Daily Briefing

Ten Things You Need to Know Today: Thursday 9 Jan 2020

1

Trump backs away from war with Iran as Nato pledges help

Donald Trump has made what The Guardian describes as an “uncharacteristically sober” statement in which the US president sought to de-escalate tensions with Tehran, saying he believes “Iran appears to be standing down”. Nato has reportedly pledged to play a greater role in the Middle East, easing the way for Trump to withdraw US troops from the region.

2

Queen kept in dark as Harry and Meghan quit royal life

The Duke and Duchess of Sussex failed to consult other members of the Royal Family over their plan to step down from royal duties and “work to become financially independent”, according to reports. In a statement released last night, Harry and Meghan also said they will divide their time between the UK and North America. The Queen and other senior royals are said to be “hurt” and “deeply disappointed” by the announcement.

3

Past year ‘worst in retail history since 1995’

UK shops have suffered their worst year since records began, latest figures from the British Retail Consortium show. The industry body says retail sales fell by 0.1% in 2019 - the first annual decline in 24 years. The drop was especially steep in November and December, when sales were down by 0.9%, as Brexit fears took their toll.

4

Plastic packaging ban ‘could make things worse’

Supermarkets axing plastic packaging may be switching to even more environmentally damaging materials, the Green Alliance is warning. A new report from the charity says paper bags and cardboard drinks cartons can be harder to recycle than plastic, while glass bottles are heavier and therefore require more fuel to transport.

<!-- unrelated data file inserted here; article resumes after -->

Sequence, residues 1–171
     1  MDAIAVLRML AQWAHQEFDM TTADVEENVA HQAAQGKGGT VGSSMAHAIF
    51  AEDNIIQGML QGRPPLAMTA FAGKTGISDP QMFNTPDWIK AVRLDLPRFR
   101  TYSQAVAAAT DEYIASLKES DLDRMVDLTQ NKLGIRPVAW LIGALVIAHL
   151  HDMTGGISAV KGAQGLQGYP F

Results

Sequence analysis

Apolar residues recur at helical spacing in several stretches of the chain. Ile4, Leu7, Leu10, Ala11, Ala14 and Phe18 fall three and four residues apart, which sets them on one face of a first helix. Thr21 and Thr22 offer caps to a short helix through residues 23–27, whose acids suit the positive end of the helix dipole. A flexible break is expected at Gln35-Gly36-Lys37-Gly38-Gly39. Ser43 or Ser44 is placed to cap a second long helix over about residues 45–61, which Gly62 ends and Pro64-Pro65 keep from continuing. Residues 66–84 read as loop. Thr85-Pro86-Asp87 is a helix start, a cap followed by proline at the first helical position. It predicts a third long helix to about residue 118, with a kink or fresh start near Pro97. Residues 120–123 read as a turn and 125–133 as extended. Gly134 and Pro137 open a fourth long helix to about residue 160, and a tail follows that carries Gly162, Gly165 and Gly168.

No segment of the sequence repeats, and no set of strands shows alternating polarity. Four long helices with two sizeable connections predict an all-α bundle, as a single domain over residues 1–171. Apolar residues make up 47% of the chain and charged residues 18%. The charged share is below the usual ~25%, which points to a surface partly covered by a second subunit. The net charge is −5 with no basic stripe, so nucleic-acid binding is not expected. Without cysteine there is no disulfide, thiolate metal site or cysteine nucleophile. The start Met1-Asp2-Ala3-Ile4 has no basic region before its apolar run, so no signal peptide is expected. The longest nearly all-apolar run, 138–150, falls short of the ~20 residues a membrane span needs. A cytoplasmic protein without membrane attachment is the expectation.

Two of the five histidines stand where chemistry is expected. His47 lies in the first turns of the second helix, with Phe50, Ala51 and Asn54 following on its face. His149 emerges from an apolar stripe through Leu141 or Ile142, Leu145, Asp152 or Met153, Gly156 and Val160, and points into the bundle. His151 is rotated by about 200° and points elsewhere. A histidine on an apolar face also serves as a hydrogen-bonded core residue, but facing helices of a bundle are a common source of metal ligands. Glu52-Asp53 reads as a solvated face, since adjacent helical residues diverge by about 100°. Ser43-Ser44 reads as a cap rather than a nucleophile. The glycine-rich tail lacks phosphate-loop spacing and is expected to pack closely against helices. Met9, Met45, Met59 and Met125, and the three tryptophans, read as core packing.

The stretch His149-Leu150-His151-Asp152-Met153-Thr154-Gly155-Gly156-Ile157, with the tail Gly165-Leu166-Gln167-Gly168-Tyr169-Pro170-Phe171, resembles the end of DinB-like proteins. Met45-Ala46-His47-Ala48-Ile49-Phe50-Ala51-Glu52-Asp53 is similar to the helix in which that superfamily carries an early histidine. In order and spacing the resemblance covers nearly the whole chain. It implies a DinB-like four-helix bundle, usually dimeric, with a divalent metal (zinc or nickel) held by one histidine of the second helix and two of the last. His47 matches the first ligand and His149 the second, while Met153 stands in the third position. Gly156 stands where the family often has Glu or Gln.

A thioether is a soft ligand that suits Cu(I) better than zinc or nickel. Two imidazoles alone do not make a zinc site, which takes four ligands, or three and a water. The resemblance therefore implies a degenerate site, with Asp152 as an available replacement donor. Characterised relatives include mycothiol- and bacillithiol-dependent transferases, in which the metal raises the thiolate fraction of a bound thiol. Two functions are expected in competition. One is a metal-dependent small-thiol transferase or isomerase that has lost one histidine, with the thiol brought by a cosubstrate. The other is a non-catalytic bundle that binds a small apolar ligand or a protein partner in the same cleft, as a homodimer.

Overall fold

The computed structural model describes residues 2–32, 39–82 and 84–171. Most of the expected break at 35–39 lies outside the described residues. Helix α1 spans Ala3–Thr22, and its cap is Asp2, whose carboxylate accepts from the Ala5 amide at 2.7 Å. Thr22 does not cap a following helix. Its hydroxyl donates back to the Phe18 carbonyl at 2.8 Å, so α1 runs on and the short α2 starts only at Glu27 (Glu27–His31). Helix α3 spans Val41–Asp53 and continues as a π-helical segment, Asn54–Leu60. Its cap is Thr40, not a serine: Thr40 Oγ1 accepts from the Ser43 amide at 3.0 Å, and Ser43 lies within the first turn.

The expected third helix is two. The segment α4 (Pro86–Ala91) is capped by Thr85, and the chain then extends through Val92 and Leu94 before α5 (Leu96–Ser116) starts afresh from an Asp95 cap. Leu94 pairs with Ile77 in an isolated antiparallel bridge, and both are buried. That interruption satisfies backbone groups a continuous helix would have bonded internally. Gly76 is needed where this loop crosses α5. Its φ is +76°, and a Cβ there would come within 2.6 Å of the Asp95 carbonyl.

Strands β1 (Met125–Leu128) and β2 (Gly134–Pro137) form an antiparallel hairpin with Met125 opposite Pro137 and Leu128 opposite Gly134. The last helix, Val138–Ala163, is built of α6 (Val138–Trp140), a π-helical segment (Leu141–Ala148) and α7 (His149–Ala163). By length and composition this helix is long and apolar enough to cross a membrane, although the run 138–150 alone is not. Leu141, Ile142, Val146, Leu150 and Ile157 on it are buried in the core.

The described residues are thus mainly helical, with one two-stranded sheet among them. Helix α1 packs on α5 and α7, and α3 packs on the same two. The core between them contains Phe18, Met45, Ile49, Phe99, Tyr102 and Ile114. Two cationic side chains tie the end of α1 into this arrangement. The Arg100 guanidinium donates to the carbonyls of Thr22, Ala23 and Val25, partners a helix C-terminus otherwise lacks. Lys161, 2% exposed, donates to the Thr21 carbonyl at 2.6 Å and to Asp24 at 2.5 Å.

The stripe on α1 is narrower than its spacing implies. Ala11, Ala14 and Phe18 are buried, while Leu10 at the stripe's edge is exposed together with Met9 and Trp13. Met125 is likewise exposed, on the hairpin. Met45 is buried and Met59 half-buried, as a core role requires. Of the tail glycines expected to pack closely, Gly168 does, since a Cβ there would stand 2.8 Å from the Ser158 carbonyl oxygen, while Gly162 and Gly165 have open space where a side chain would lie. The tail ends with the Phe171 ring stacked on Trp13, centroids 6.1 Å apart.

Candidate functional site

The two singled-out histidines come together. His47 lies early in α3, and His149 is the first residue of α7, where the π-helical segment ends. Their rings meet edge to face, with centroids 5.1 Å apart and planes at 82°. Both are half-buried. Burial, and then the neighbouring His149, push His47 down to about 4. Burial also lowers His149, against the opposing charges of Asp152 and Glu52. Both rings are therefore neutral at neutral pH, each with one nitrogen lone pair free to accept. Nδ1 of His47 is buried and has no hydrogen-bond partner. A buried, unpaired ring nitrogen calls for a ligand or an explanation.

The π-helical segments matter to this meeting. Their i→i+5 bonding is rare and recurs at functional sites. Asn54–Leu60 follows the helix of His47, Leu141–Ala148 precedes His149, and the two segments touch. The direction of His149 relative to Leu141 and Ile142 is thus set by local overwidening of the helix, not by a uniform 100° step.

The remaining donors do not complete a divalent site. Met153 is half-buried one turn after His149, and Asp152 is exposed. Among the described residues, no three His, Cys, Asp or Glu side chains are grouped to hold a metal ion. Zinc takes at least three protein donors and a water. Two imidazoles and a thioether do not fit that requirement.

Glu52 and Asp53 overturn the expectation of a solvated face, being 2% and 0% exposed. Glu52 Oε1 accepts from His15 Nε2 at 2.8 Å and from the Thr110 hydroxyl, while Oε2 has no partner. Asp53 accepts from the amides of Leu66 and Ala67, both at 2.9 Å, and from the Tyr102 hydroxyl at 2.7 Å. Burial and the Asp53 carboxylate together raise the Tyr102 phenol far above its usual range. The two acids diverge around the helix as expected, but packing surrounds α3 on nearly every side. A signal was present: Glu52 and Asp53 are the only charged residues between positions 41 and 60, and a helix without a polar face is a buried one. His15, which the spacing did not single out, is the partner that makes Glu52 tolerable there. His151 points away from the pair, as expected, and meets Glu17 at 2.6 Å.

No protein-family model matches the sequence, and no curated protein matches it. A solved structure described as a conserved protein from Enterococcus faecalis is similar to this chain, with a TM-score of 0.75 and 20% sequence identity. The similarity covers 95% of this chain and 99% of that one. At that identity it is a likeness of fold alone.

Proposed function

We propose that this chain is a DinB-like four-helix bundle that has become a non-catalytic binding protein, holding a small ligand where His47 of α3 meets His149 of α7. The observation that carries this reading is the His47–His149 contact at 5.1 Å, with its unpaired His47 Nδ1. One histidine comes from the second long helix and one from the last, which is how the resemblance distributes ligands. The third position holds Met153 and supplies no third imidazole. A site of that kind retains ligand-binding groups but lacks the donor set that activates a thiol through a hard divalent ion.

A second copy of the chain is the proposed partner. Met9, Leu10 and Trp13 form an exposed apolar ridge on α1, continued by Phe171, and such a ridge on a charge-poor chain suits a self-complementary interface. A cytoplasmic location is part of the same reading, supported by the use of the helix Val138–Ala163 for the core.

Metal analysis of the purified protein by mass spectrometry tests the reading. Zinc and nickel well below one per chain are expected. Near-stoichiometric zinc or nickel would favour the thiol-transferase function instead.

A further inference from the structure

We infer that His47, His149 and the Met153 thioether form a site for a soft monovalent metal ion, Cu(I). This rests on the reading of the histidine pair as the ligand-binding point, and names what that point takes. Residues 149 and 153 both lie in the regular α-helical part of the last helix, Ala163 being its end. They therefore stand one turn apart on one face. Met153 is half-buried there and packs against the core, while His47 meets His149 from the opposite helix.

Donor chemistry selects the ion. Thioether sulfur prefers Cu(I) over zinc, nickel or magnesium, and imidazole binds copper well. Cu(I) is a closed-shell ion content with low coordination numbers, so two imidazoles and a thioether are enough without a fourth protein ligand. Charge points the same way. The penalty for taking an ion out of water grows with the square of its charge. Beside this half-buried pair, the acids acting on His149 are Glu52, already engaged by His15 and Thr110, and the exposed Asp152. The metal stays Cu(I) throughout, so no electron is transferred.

5

Soul singer Celeste wins BBC Sound of 2020 award

Los Angeles-born British-Jamaican soul singer Celeste has been awarded BBC Music’s Sound of 2020 gong for artists expected to rise to prominence. Adele and Ellie Goulding are among the previous winners of the award, voted for by 170 critics and industry figures. Celeste, 25, said she was “really happy” to join their ranks.

6

Queen’s granddaughter handed driving ban

Zara Tindall, daughter of Princess Anne, has been given a six-month driving ban after being caught speeding at 91mph in a 70mph zone near her Cotswolds home. The Royal, who already had nine penalty points on her licence, was clocked speeding on the same stretch of road in Gloucestershire where her mother was caught doing likewise in 2001. 

7

Barry Gardiner considering bid for Labour leadership

A potential surprise seventh candidate for the Labour leadership has emerged. Shadow international trade secretary Barry Gardiner announced last night that he will decide whether to stand within 24 hours - just days before nominations close. Gardiner would be seen as an alternative left-wing candidate as centrist Keir Starmer takes an early lead in the contest.

8

Healthy living ‘can give women an extra disease-free decade’

Women can enjoy an extra ten years of life without serious illness if they live healthily, while men may get an average of seven more years, new research in the US suggests. The study tracked 110,000 people for 20 years and found that those who did regular exercise, drank only in moderation, maintained a healthy weight and were non-smokers lived for longer free of cancer, heart problems and type-2 diabetes than their unhealthy peers.

9

Tories launch Town of Year contest in a city

The Government has made an embarrassing misstep by launching its Town of the Year contest in Wolverhampton - even though the Midlands settlement was granted city status back in 2000. Critics claim the blunder is evidence that the Tories are merely paying lip-service with their much-touted push to boost the North and the Midlands.

10

Feature: what a US war with Iran might look like

The ongoing diplomatic crisis between the US and Iran has triggered comparisons with America’s march into war against Saddam Hussein’s regime almost two decades ago.

The Guardian’s Washington correspondent David Smith claims that the growing tensions with Tehran echo the “unstoppable momentum towards invading Iraq” back in late 2002.

A growing number of senior figures in Washington are voicing concerns that their nation could be walking into a full-scale armed conflict. But just what might that look like?

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